Sunday, September 13, 2009

The Republican Game

Samuel Elliot Morrison and Henry Steele Commager, in their History of the American Republic, argue that Republicans of the 19th century lavished pensions on veterans to spend the money collected by protective tariffs, and prevent a budgetary surplus that might otherwise have fueled calls for the end of the tariffs.

They're still doing it.

If it weren't for our grotesquely outsized military budget, Social Security, which has collected surplus revenues for decades, might be so well invested as to live on dividends, or might have loaned to the US, at Treasury bond rates, the money needed for health care, renewable energy, or universal free education.

All of this is glossed over by the common guy because we have shiny things. Who cares if life in America is getting worse by the year? We have shiny things.

But it doesn't need to be this way. The choice is ours, if we care to make it.

Saturday, September 5, 2009

They Had Their Chance

In the 20th century the free marketeers of America were given their opportunity to show what they could do. They had free natural gas, oil, and coal, not to mention millions of acres of timberland at give-away prices, they had the full sanction of the state, and, frequently, government assistance when they failed. And, most importantly they had a vast market, the people of the United States, generally prosperous, who were allowed to keep most of what they earned and spend it as they chose. How did this work out?

Well, simply, it was a disaster, proving mainly that the free market functions worse than even a king or dictator. That's a pretty damning comparison.

In some areas, like health care, we continue to get results that are about as good as other countries like us- but at twice the price. In most regards, the system has created widespread devastation and poverty, maintained only because other nations will still buy our debt, and ready to fail the next time the price of oil doubles.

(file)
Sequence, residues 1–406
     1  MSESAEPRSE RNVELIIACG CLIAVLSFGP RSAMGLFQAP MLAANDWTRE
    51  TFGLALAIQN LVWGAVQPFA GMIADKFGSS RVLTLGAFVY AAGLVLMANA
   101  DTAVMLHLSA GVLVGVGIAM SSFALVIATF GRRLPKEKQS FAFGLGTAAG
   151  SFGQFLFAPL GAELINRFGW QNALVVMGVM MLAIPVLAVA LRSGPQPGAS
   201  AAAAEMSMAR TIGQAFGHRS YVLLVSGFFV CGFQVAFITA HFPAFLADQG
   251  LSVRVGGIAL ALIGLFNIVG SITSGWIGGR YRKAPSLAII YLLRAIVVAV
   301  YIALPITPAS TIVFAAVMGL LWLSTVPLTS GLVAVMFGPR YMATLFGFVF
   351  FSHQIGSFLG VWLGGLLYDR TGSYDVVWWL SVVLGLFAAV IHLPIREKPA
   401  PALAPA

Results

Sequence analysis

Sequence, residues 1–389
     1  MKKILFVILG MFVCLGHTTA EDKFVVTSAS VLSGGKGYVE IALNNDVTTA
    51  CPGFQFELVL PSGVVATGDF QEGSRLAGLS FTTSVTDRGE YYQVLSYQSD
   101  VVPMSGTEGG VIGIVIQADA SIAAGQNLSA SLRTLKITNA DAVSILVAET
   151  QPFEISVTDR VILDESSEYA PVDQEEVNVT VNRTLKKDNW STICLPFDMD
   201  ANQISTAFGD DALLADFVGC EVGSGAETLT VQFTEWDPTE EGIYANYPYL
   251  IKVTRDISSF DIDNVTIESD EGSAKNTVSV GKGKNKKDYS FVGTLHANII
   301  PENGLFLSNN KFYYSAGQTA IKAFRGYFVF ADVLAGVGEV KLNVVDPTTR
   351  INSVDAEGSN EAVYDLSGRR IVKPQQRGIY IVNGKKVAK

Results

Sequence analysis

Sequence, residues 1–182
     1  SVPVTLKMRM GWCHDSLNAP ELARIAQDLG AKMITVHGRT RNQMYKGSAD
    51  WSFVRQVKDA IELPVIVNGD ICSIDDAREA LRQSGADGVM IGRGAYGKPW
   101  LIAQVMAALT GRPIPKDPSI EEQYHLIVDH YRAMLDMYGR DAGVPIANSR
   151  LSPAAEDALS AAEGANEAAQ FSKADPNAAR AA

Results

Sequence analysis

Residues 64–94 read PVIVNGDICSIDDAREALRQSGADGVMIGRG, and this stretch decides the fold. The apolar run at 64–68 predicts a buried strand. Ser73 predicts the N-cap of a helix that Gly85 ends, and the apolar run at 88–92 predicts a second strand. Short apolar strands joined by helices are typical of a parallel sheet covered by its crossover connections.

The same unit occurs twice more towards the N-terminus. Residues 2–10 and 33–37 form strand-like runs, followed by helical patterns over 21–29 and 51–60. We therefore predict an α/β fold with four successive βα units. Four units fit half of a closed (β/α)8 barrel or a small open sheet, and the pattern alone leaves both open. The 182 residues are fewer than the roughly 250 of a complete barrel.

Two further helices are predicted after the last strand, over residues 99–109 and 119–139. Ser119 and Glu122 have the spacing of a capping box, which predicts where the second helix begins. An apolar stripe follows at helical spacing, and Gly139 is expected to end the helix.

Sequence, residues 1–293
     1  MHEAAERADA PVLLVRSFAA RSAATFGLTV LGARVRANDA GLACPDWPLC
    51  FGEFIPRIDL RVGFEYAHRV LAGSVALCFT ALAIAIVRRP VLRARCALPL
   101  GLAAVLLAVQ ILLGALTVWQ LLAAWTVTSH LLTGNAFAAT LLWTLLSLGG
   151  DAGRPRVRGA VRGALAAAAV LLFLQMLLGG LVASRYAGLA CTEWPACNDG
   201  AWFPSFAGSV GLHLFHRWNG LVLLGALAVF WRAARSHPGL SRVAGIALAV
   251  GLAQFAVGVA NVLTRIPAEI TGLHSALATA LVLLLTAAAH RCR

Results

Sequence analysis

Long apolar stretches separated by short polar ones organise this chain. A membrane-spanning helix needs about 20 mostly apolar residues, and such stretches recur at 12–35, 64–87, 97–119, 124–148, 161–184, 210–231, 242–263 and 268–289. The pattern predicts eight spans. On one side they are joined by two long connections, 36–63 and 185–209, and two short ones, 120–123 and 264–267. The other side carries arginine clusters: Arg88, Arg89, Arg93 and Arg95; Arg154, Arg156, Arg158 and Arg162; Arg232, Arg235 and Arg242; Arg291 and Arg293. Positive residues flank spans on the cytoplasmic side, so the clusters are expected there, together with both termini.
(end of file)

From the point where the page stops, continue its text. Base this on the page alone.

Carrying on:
It seems safe to say that the theories of the free markets are mainly propaganda and balderdash, indulged in by people who have no responsibility (or who, like Pinochet, feel no responsibility) for the welfare of their nation.

This can't be entirely unexpected. In the real world, markets are places that are regulated to provide a place where people buy and sell, but that's a larger story, and not necessary to draw the conclusion we do from the evidence- the "free" market has been a big failure. Stick a fork in it, it's done.

Wednesday, August 26, 2009

The Irony, The Irony

In an advanced piece of concern trollery, the AP reports concerns about windfarms presenting confusing images to the Doppler radar used to watch for tornadoes- and the possibility that adopting wind power too quickly might lead to false alarms being sounded by the weather service.

Wow, what if we had adopted that cautious approach to energy development when oil was discovered? I'm guessing the world might be a lot cleaner, and already be using a lot more wind power.

It's a little late now, though, to get hyper-cautious about developing a much cleaner and infinitely more renewable energy source. AP fail.

Sunday, August 23, 2009

Hunting Down The 'Militia'

With the closing of the borders, pot production in the woods has soared. With Mexican mafias providing the muscle, police are increasingly focused on gaining the upper hand. The jackboots are coming to a forest near you.

I'd always wondered how America would deal with the nutcases who would hide in the woods. Now I plainly see that, after legalization, you turn the police on the 'militia'. If there's anything left of the 'militia', that is, after they have a few run-ins with the Mexican mafia.

The irony, of course, would be the role the so-called 'militia' are playing in the demands to close the borders.

Thursday, August 20, 2009

Things To Come